Wait For It

I hate waiting. Anyone who's sent a manuscript off to an agent/publisher/editor knows how hard it is to get on with life while waiting for a response.  I'm always most convinced that the work is dreadful, dreadful, DREADFUL while waiting.  And the conviction grows and grows, until it morphs into a kind of epic self-loathing and I start to wonder why I ever thought the book was a good idea anyway.  I can see the work clearly for the first time, and it's lifeless, unsalvageable and lazy.


Why are some books so much harder to write than others?  Or is it like childbirth, and we just forget how awful the last one was?


There's plenty I could be doing in the meantime.  Van Gogh at the Royal Academy, Chris Ofili at the Tate, Michelangelo at the Courtauld.  The house is its usual mess, my office hasn't been cleared in weeks.  I could try to find the floor in my daughter's bedroom (no, that's too hard).  Or weed the garden.  Or read some of the books that have been piling up in the past few months.  Or sew on buttons.  But no.  The best I can do is tramp like a lunatic on Hampstead Heath with the dogs, and hang around with lovely Moss, who always makes me feel better.  So much better, that happiness turns immediately to guilt.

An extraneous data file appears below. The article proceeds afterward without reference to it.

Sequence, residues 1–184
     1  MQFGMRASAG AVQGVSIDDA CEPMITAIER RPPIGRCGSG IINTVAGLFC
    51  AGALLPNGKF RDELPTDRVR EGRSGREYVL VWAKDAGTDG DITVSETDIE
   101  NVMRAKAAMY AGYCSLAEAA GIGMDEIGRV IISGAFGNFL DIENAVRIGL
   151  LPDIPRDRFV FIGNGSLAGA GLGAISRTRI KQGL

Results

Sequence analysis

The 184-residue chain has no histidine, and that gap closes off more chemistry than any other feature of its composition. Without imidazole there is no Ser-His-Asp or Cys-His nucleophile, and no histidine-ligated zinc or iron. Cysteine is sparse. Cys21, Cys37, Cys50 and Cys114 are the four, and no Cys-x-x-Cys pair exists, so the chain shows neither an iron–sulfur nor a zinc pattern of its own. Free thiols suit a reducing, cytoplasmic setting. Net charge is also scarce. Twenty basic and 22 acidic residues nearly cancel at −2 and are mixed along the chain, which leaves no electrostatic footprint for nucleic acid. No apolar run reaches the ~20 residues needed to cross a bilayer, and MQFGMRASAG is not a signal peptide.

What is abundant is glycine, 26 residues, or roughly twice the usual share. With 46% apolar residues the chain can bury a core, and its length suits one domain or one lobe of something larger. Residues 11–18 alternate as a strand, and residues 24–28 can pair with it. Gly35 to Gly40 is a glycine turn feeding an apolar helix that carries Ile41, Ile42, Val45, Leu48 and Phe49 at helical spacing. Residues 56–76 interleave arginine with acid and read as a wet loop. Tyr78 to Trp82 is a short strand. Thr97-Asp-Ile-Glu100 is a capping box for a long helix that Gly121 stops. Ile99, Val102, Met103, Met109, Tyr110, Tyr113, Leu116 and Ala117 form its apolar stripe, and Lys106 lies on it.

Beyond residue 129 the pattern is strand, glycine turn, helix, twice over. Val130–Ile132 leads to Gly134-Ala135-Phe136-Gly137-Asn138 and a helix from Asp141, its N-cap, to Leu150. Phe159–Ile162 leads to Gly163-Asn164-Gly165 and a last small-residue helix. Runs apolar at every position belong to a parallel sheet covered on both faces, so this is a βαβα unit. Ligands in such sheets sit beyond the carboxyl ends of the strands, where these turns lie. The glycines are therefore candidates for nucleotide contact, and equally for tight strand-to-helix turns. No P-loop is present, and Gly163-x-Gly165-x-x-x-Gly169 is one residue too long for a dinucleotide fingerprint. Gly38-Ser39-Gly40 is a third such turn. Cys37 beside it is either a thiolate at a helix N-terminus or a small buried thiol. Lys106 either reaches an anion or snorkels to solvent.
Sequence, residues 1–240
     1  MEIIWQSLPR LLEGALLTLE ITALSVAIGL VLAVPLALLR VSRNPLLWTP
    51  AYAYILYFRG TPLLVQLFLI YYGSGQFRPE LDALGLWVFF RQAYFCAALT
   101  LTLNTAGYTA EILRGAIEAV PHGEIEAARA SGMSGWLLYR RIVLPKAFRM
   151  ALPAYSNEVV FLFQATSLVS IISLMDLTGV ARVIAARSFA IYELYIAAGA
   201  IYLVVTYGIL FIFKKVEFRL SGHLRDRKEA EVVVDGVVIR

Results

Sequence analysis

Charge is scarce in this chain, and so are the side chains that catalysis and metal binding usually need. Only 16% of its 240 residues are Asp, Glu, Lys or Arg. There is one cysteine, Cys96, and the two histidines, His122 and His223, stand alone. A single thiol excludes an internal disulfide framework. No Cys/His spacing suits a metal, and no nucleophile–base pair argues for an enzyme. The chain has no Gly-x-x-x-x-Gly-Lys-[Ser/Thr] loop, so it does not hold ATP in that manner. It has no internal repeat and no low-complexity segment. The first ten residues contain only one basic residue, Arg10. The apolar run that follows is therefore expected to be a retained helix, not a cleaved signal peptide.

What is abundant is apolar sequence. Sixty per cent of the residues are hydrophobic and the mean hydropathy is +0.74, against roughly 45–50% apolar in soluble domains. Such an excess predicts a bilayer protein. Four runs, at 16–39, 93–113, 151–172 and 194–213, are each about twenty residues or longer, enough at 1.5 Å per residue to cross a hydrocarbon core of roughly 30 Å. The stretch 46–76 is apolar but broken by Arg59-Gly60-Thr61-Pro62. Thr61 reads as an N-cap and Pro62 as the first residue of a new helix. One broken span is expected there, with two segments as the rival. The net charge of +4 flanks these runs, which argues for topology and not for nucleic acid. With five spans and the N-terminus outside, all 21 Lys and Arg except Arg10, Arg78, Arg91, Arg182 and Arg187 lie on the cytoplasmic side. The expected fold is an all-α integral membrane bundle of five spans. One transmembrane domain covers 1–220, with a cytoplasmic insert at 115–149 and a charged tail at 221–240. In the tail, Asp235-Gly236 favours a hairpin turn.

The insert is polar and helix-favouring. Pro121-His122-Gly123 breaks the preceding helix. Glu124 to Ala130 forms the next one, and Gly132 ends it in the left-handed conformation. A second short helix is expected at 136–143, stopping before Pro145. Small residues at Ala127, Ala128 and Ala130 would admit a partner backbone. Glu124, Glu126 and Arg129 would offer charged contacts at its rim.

Am I not suffering enough?  Thinking hard enough?  Is the writing becoming mechanical?  Has it ceased to come from the heart?  Do I not get out enough?  Or am I spending too much time thinking about dressage?  Was the last book my last book?

I guess someone will get back to me with a verdict in a week or so. Until then, you'll probably find me on the Heath.